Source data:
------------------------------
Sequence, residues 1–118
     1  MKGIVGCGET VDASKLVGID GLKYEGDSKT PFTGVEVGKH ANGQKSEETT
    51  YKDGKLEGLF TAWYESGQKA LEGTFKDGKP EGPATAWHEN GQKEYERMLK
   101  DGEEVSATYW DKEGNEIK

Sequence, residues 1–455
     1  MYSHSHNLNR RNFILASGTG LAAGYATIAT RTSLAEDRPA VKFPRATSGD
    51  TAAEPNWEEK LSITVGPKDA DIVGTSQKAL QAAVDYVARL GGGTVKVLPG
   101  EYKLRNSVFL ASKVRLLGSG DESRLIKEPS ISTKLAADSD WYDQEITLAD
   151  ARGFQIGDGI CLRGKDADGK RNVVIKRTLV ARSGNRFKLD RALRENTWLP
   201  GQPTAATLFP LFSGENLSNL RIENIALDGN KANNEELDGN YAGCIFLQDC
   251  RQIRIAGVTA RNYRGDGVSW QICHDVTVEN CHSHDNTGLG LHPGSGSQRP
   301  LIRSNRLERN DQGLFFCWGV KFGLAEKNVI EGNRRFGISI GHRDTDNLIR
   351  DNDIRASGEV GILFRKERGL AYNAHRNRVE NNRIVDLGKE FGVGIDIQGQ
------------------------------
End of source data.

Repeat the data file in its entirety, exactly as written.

Sequence, residues 1–118
     1  MKGIVGCGET VDASKLVGID GLKYEGDSKT PFTGVEVGKH ANGQKSEETT
    51  YKDGKLEGLF TAWYESGQKA LEGTFKDGKP EGPATAWHEN GQKEYERMLK
   101  DGEEVSATYW DKEGNEIK

Sequence, residues 1–455
     1  MYSHSHNLNR RNFILASGTG LAAGYATIAT RTSLAEDRPA VKFPRATSGD
    51  TAAEPNWEEK LSITVGPKDA DIVGTSQKAL QAAVDYVARL GGGTVKVLPG
   101  EYKLRNSVFL ASKVRLLGSG DESRLIKEPS ISTKLAADSD WYDQEITLAD
   151  ARGFQIGDGI CLRGKDADGK RNVVIKRTLV ARSGNRFKLD RALRENTWLP
   201  GQPTAATLFP LFSGENLSNL RIENIALDGN KANNEELDGN YAGCIFLQDC
   251  RQIRIAGVTA RNYRGDGVSW QICHDVTVEN CHSHDNTGLG LHPGSGSQRP
   301  LIRSNRLERN DQGLFFCWGV KFGLAEKNVI EGNRRFGISI GHRDTDNLIR
   351  DNDIRASGEV GILFRKERGL AYNAHRNRVE NNRIVDLGKE FGVGIDIQGQ